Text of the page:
importance, in which the country is deeply concerned."



- 26 -

Testimony on Banking Act of 1935
"The legislative mandate 7/ill remove the executive officers from
the danger of being diverted from their duty by selfish advice or by
political influence of any kind. The honesty of our officials can be
depended upon when they have a clear instruction as to what to do. If
they fail, the Congress would have the plainest evidence of it and
could correct it,"
4, Senator Carter Glass
From an article in American Review of Reviews, 1928, "The Federal
Reserve System Grossly Misused"
"If any one object could be said to have prevailed from first to
last in the shaping of that act it was to provide machinery through
which the country's capital could at all times be made quickly applic­
able to the fostering of its productive enterprise,"
5. Senator William G. McAdoo
From Hearings on Banking Act of 1935
"Ysfhat you are criticizing and what you are proposing should be
substituted for it is a futility, anyway, is it not? It is merely
declaratory. It has no binding effect. You cannot enforce it. It
is not legislation, It is a sort of a speech. I do not think that
the incorporation of such matter in legislative enactment is of any
value. It may show intent on the part of Congress, but its enforce­
ment rests within the judgment and discretion of the board. There is
no way that you can determine whether or not the accomplishment of
it has even been attempted by the administrative authority."




- 27 -

IV. Discussion of objectives of Bank of England and Swedish Riksbank
1. The Macmillan report
"Our view is, therefore, that the price level is the outcome of
interaction between monetary and non-monetary factors, and that the
recent world-vri.de fall of prices is best described as a monetary
phenomenon which has occurred as the result of the monetary system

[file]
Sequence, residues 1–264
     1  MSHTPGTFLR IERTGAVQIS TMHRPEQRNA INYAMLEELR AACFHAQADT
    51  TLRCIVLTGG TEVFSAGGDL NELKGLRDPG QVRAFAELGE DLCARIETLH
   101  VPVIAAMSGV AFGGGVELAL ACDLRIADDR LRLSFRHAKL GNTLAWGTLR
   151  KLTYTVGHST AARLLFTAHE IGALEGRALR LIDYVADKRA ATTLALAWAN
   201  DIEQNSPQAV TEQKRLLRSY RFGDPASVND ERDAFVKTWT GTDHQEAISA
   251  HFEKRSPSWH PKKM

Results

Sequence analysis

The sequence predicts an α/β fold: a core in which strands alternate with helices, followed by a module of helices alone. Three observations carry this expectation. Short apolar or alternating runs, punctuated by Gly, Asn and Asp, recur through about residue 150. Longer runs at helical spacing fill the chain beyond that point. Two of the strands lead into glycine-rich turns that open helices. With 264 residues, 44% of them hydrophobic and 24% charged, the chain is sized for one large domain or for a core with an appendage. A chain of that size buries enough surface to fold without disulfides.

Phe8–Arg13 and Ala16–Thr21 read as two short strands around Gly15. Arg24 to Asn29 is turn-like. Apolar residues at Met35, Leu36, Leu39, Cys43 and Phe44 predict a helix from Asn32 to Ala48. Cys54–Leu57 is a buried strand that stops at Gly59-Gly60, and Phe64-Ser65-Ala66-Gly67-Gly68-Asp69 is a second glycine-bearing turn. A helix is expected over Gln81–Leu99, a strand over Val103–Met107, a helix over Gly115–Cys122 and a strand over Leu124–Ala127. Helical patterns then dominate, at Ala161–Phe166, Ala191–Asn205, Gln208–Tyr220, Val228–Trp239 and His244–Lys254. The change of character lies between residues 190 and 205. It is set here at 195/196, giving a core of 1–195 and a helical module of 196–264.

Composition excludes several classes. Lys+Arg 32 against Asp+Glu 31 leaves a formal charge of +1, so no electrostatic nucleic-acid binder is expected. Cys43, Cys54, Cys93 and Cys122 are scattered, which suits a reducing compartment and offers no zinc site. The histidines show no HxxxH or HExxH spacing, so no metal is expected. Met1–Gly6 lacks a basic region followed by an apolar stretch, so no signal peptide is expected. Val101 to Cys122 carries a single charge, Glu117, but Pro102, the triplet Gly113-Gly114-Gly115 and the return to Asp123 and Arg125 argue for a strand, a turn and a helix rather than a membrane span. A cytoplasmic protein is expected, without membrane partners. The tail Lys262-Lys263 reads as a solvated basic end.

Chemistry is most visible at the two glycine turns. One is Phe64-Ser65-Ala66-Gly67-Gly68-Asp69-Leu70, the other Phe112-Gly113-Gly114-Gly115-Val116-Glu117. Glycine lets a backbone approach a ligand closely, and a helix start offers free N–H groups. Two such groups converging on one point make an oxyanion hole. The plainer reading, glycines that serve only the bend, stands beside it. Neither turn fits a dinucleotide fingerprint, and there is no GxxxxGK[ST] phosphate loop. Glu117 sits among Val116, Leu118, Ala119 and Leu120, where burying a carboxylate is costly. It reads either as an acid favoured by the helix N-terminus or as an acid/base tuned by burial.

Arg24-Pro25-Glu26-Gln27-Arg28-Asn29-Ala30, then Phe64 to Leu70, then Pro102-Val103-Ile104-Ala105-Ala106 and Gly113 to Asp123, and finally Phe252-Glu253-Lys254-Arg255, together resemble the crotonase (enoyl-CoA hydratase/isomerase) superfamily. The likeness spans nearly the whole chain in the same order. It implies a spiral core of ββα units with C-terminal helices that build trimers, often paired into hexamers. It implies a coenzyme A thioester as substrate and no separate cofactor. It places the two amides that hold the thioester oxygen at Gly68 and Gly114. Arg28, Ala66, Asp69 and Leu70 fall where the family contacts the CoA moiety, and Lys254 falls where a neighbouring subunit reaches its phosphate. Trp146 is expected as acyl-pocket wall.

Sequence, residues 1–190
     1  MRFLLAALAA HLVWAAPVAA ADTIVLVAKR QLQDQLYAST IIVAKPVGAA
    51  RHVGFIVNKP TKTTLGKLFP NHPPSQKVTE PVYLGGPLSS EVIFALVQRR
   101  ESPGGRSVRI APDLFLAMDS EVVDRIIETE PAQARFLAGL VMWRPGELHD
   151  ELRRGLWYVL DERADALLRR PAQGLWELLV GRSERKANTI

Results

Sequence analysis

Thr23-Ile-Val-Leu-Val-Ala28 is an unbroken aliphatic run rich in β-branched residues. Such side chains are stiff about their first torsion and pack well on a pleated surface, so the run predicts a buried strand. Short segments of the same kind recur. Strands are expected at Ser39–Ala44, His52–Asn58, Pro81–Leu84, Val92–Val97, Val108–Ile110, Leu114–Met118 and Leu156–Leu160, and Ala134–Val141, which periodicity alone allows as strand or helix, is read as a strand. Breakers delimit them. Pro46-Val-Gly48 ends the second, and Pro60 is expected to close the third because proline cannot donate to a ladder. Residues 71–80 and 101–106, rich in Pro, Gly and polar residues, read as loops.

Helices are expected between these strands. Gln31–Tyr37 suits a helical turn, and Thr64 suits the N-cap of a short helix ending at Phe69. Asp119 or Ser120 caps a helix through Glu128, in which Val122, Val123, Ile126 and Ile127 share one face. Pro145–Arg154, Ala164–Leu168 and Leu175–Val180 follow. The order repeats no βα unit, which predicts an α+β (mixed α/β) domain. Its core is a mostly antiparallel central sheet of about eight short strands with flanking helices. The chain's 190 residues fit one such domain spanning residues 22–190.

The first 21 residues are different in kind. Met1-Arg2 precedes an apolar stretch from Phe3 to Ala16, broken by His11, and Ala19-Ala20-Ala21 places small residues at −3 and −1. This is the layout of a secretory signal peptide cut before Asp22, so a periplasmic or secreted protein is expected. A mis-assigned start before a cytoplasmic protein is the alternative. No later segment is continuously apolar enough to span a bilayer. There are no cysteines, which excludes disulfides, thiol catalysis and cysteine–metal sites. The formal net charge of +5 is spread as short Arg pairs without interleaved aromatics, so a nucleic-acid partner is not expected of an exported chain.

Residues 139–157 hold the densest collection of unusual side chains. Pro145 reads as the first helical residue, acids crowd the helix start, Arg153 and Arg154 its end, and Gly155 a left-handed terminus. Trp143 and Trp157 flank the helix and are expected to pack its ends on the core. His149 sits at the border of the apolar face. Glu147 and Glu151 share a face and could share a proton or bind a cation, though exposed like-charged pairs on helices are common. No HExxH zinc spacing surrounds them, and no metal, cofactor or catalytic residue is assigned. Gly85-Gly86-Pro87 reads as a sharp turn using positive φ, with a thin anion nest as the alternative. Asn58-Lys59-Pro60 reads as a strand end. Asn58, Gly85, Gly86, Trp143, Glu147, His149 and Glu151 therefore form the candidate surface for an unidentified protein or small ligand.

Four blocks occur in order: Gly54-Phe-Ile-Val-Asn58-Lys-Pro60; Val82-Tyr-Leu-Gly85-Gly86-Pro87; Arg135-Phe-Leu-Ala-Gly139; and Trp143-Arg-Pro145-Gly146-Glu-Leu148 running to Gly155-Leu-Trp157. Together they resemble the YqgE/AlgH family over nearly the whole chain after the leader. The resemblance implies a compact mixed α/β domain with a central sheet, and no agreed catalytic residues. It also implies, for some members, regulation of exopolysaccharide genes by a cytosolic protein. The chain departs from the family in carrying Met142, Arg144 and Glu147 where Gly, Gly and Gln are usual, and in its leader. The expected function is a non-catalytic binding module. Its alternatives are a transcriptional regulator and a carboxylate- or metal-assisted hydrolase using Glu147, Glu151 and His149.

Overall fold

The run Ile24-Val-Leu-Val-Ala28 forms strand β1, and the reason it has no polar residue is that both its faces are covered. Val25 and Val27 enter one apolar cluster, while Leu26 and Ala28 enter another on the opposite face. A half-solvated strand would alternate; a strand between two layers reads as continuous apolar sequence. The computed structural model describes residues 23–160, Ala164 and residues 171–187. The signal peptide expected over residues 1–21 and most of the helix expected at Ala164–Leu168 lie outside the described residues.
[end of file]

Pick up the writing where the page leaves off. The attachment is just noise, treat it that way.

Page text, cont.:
failing to solve successfully a problem of unprecedented difficulty
and complexity set it by a conjunction of highly intractable non­
monetary phenomena. Whether the international monetary system could
have solved its problem is a matter on which we should hesitate to
express a dogmatic opinion. It is probable that the difficulty of our
national problem was much increased by the relative overvaluation of
many other currencies. But the satisfactory handling of the inter­
national problem, even if it was theoretically practicable, might have
required a degree of knowledge, experience and prescience which no one
in fact possessed or could have been expected to possess. ...
"The task of the monetary system, as we see it, is, therefore,
to balance, so far as it can, by changes in the quantity and terms of
credit, the effect on the price level of certain fluctuating factors,
which, whether we prefer to call them or their underlying causes monetary
or non-monotary, are largely outside the direct control of the monetary
system. The fluctuating factors in question are, principally, the
three following:
"(l) The proportion of bank credit which is employed for
financial purposes as distinct from the purposes of new current
output;
"(2) The degree of preference felt by investors for the
employment of their funds in more liquid or in less liquid form;
"(3) The readiness of enterprise to embark on expansion of
one kind or another, given the financial terms on which the
necessary resources can be raised."

"Thus our objective should be, so far as it lies within the power
of this country to influence the international price level, first of
all to raise prices a long way above the present level and then to
maintain them at the level thus reached with as much stability as can